One of the most common repairs you need to know is how to replace glass on steel windows. So, I’ll walk you through how to get it done safely and quickly.
Replacing glass in steel windows often results in the glass breaking on its way out if it isn’t already broken. Steel windows often have cement putty used in them, which is exactly like it sounds. Incredibly hard and stubborn, and feels like it takes a pack of dynamite to get it out sometimes.
If you want the whole process I use to restore historic steel windows in detail, get a copy of my Craftsman’s Guide to Restoring Steel Windows.
Steel windows have a couple hazards that you should mindful of before starting. Lead paint is often present on steel windows and glazing putty made in the first half of the 20th century may contain asbestos. Read these posts before getting started to make sure you are being safe.
How To Replace Glass on Steel Windows
Now that we’ve covered the safety tips, we can get into the nitty gritty of replacing that pane of glass.
Step 1 Remove Old Putty
Using a 1/2″ chisel and a hammer, dig out the putty on the exterior of the pane that needs replacement. Make sure you remove as much as possible to give the glass room to come out.
Step 2 Remove Spring Clips
Depending on the manufacturer of your windows, you will have between 2 and 4 spring clips per pane of glass. Remove these clips by prying them out of the frame with the chisel.
Step 3 Score the Paint
Move to the inside of the window and score the paint/putty line on the glass to break the seal.
Step 4 Knock Out the Glass
Wear gloves and glasses to protect yourself against getting cut by the glass in this step. I prefer to do this with a partner on the outside to hold up a piece of plywood to cover the opening because glass can shatter here.
Using a rubber mallet or a regular hammer with a rag wrapped around the head, bang around the edges of the glass from the inside to break it free of the frame.
More than half the time I end of breaking the glass and pulling it out in pieces very carefully, but since you were planning to replace the glass anyway…
Step 5 Clean Up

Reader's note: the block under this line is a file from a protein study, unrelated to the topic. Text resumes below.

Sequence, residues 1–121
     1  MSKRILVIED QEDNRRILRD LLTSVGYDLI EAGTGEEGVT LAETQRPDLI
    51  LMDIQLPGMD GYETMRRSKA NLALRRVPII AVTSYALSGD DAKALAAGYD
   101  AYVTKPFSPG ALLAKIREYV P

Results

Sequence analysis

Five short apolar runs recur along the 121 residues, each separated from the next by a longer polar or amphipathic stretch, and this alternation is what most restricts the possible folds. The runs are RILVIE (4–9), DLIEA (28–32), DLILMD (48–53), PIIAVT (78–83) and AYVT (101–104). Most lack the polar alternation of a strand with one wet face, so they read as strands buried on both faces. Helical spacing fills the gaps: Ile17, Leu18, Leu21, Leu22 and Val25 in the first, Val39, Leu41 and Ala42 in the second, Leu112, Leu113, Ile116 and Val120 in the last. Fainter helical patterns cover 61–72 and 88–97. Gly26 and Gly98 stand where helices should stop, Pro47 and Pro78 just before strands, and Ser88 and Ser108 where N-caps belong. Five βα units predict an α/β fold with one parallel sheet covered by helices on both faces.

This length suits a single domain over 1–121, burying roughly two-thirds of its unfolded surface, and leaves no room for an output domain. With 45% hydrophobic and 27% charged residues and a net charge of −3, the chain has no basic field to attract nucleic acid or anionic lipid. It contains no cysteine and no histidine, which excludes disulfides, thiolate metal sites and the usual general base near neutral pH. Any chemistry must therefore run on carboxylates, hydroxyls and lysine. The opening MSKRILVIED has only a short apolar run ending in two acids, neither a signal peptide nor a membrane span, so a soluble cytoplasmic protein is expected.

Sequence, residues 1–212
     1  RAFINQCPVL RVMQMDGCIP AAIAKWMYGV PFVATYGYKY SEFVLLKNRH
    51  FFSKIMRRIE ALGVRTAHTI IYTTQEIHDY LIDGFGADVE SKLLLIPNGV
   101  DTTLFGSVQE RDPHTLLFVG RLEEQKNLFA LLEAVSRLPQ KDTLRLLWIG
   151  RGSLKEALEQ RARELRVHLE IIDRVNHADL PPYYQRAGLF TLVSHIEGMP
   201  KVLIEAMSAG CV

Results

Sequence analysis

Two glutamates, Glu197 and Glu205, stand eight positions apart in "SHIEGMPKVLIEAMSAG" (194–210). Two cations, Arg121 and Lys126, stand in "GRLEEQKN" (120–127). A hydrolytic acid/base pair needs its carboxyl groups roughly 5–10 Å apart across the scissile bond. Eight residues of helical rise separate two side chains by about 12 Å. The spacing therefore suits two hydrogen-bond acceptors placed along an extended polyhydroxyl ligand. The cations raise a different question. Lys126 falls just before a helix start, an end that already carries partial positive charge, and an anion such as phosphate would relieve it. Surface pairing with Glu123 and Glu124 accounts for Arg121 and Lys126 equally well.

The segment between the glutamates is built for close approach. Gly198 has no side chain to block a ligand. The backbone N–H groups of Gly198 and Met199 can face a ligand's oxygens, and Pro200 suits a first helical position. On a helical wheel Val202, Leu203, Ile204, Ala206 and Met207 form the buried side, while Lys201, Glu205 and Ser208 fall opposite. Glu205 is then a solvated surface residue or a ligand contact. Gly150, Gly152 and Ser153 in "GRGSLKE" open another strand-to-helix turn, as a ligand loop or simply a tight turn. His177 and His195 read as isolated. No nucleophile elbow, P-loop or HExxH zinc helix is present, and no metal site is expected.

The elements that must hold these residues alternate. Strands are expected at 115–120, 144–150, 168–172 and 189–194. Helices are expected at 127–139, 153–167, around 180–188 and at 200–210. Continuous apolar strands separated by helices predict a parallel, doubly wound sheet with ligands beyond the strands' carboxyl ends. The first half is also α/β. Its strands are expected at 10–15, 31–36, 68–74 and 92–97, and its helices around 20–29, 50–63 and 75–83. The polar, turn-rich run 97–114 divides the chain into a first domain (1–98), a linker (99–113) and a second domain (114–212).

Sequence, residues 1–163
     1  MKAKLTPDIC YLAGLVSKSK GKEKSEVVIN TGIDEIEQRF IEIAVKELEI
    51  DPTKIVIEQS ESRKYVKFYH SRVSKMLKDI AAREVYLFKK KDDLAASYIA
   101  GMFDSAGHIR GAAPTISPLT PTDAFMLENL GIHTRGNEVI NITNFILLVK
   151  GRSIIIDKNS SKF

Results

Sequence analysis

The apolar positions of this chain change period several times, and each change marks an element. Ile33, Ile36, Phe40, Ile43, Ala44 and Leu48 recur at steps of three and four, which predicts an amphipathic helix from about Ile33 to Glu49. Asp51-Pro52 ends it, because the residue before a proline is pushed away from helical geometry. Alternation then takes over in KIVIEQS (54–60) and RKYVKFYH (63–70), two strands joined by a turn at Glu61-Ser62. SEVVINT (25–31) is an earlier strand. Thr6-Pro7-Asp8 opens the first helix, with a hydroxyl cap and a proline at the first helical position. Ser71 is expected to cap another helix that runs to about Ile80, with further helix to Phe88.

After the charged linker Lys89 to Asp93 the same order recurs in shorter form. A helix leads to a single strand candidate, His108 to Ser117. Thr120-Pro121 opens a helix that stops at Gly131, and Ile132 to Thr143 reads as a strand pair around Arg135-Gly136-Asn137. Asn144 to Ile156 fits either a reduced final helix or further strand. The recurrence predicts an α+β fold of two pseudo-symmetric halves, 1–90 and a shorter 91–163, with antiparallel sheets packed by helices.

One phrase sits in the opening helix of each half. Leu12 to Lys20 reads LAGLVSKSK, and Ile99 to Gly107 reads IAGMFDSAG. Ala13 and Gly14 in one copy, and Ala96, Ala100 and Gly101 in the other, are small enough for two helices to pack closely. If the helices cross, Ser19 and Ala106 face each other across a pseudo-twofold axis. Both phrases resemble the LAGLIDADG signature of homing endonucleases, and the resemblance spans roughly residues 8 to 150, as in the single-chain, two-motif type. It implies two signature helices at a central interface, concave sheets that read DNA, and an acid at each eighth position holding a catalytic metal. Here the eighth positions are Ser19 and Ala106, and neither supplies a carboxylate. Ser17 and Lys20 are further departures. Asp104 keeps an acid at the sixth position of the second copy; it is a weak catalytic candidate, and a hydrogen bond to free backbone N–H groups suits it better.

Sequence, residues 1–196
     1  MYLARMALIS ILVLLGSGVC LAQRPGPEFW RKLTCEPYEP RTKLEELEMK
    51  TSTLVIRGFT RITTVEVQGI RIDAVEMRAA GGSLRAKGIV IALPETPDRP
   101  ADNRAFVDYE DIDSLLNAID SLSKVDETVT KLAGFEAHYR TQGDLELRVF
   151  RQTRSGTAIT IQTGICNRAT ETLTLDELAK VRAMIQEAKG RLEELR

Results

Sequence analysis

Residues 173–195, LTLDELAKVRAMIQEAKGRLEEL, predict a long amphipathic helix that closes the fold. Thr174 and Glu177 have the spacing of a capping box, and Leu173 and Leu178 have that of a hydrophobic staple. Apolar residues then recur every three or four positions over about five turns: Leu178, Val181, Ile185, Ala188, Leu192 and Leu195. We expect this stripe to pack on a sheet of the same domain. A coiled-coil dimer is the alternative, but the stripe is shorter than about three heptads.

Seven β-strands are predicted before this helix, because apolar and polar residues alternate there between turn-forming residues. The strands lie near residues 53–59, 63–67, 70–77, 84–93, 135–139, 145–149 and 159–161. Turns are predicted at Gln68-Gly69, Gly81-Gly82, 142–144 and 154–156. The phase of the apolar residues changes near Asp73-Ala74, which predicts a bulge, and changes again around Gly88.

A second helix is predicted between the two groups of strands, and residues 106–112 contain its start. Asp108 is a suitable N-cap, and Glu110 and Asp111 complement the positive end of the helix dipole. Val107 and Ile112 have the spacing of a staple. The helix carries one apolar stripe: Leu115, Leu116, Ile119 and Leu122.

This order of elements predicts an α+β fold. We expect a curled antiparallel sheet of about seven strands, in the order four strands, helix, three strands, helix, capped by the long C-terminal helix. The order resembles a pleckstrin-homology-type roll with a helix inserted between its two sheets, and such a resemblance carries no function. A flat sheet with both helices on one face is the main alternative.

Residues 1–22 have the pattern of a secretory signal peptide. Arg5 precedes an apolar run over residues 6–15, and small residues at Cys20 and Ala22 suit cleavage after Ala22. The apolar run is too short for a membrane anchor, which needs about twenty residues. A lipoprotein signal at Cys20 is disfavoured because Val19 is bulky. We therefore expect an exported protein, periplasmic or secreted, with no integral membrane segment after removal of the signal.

With all the glass out, finish removing any remaining putty from the frame using your chisel.
Step 6 Bed New Glass
Back bed the frame with your choice of glazing putty. I prefer Sarco DualGlaze, but any putty that is designed for steel windows will work just fine. Cut replacement double-strength glass to fit your opening and be sure to leave the replacement glass at least 1/16″ smaller than the opening to avoid it cracking from expansion in the future. From the outside, firmly set the new glass into place by pressing it into the glazing bed until most of the putty has squeezed out on the inside. Set new spring clips in the locations where the old ones were to hold the glass firmly in place.
Step 7 Finish Glaze
Apply glazing putty to the outside and tool it to a smooth beveled surface with clean mitered corners. For more tips on how to finish glaze watch my video How to Reglaze Your Old Windows. Once you’re happy with the glazing, clean the glass of any remaining oils with some whiting being careful to avoid disturbing the finish glazing.
That’s it! Start to finish the whole process shouldn’t take you more than 1 hour even if you’ve never done it before.
Historic steel windows can be really beautiful when restored and surprisingly efficient once tuned up properly. If you’re contemplating restoring I would definitely recommend you read my guide on the process. I’ve included all the information you need in one easy to follow eBook.
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I love old houses, working with my hands, and teaching others the excitment of doing it yourself! Everything is teachable if you only give it the chance.